Ibn Abd Rabbih quotes an interesting incident in 'Aqdul Farid' which may be summarized as under:
Mamun arranged a debating assembly and the famous scholar Ishaq occupied the foremost position in it. When Ali's precedence over others in the matter of acceptance of Islam was established, Ishaq said "When Ali embraced Islam he was only a boy but Abu Bakr was a mature man (at the time he became a Muslim). Hence his faith enjoys superiority over that of Ali".
Mamun suddenly intervened and said: "Did the Prophet invite Ali in his boyhood to adopt the faith, or his faith was due to divine inspiration? It cannot at all be said that his faith was inspired, because, not to speak of Ali, even the faith of the Prophet was not inspired but was the result of guidance and messages brought by Jibreel from Allah.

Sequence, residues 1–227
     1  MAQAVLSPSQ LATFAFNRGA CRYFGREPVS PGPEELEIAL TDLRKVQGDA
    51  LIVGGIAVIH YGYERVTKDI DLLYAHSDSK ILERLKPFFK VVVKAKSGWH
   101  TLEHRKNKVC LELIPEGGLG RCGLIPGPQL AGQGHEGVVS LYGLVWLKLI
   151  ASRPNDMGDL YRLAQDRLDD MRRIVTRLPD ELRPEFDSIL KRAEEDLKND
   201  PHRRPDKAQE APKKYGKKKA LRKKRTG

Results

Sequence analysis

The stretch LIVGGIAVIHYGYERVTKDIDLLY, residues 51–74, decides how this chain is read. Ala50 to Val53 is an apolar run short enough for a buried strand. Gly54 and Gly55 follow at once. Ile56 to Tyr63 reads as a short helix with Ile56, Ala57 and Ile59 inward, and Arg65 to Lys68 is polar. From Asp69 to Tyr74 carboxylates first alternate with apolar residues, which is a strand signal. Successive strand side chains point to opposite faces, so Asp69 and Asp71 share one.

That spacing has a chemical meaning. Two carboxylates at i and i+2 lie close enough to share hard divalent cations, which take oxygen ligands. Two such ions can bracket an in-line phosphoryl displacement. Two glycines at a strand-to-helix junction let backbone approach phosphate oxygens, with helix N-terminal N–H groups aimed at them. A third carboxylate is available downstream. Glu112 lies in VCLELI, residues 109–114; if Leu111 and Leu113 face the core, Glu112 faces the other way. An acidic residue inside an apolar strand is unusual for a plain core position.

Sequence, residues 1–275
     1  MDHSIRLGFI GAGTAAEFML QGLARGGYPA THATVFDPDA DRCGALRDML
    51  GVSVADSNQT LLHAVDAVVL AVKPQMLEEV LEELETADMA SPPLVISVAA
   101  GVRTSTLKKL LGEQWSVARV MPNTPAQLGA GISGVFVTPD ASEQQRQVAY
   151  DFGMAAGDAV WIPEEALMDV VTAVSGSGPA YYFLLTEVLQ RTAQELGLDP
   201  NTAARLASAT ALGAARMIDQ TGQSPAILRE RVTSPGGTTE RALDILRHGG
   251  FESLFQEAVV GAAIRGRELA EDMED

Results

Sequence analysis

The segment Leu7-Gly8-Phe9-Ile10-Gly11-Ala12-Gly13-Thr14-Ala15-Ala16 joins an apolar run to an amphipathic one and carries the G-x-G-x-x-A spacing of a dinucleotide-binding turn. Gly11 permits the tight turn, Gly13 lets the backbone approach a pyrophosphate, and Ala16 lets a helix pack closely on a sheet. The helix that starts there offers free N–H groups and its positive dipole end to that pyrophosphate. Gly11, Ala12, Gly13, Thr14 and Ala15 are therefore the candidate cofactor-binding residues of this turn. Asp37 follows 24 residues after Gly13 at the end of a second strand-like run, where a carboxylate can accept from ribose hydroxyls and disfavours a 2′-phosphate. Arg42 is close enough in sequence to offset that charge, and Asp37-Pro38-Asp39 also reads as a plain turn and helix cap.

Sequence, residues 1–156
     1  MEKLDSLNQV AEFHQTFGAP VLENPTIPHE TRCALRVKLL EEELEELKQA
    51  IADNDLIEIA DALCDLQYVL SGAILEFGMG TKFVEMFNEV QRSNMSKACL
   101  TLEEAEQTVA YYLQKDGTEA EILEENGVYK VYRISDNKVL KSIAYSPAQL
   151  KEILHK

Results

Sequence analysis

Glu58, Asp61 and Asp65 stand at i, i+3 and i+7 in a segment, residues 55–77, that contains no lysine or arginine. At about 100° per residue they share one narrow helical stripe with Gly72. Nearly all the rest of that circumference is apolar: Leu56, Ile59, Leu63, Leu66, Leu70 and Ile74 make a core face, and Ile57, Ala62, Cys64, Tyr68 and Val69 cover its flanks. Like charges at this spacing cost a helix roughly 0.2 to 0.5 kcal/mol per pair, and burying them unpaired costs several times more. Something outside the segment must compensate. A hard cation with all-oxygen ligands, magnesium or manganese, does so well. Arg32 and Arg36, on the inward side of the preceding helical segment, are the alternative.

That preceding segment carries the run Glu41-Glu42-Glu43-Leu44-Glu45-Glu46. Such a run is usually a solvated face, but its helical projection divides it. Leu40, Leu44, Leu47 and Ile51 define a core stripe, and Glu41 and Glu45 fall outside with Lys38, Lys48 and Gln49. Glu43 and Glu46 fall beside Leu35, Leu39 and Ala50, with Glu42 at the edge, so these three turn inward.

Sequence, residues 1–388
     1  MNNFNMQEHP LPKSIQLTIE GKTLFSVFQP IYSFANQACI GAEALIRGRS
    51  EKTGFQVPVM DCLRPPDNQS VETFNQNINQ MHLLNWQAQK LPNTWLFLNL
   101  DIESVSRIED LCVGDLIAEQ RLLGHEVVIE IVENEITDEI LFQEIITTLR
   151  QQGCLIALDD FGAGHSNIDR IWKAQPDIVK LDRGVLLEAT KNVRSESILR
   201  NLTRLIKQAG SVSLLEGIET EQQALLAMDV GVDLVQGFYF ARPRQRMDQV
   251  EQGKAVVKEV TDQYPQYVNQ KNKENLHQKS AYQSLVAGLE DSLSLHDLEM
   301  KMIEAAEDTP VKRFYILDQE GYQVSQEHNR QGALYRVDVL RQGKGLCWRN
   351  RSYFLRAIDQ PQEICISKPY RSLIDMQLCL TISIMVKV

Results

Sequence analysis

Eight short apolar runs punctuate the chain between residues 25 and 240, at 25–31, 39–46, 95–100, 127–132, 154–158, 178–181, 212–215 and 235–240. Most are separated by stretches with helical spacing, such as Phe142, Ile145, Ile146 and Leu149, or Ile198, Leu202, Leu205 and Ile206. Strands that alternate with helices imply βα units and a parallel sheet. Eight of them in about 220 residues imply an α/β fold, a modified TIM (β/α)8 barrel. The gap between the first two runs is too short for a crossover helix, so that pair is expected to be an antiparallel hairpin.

Hence, when the Holy Prophet invited him to accept Islam, did he do so on his own account or had he been ordered by Allah to accomplish the deed? We cannot imagine that the Prophet should subject himself or anyone else to hardship and responsibility without an order from Allah.
Hence there is no alternative except that we should say that the Prophet's call is supported by divine order. And does the Omniscient Lord order His Prophet to invite an untalented boy (for whom 'faith' or 'no faith' are alike) to adopt Islam? Certainly such an act is not possible from the All-Wise and All-Knowing Allah.
Hence, it should be concluded that the faith of Ali was a true and firm faith which was not at all inferior to the faith of others and it is Ali, son of Abu Talib to whom the verses of Qur'an "and the foremost are the foremost, these are they who are drawn nigh (to Allah)", most appropriately applies.